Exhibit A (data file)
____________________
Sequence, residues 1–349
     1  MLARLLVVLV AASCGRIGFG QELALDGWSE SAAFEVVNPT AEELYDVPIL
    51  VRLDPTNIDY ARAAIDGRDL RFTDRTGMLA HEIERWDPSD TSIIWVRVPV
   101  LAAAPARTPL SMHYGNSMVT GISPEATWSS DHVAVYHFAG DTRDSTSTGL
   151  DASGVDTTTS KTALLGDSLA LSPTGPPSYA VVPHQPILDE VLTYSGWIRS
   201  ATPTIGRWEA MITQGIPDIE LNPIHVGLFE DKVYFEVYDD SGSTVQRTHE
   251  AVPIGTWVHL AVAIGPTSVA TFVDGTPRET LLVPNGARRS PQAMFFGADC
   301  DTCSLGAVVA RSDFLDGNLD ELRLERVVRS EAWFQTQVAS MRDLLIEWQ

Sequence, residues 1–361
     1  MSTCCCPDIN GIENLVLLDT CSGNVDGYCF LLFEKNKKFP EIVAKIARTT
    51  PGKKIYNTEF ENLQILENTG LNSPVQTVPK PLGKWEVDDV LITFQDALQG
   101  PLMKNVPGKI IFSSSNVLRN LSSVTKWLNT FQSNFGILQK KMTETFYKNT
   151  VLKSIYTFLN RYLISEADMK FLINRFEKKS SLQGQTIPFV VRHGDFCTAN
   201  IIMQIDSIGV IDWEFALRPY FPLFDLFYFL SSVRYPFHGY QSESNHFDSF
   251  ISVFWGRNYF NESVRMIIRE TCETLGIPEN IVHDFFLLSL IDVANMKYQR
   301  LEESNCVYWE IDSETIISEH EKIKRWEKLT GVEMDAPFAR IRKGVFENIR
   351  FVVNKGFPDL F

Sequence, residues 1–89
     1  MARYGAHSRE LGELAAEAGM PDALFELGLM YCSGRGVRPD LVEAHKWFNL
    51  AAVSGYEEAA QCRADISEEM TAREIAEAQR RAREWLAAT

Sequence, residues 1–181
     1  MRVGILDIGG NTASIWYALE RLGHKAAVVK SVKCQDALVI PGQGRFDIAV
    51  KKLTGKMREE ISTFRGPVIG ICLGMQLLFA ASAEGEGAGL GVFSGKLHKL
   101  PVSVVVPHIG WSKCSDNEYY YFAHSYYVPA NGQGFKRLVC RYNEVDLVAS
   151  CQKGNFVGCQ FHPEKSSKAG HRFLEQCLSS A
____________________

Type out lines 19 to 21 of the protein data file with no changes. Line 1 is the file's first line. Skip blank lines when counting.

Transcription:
     1  MARYGAHSRE LGELAAEAGM PDALFELGLM YCSGRGVRPD LVEAHKWFNL
    51  AAVSGYEEAA QCRADISEEM TAREIAEAQR RAREWLAAT

Sequence, residues 1–181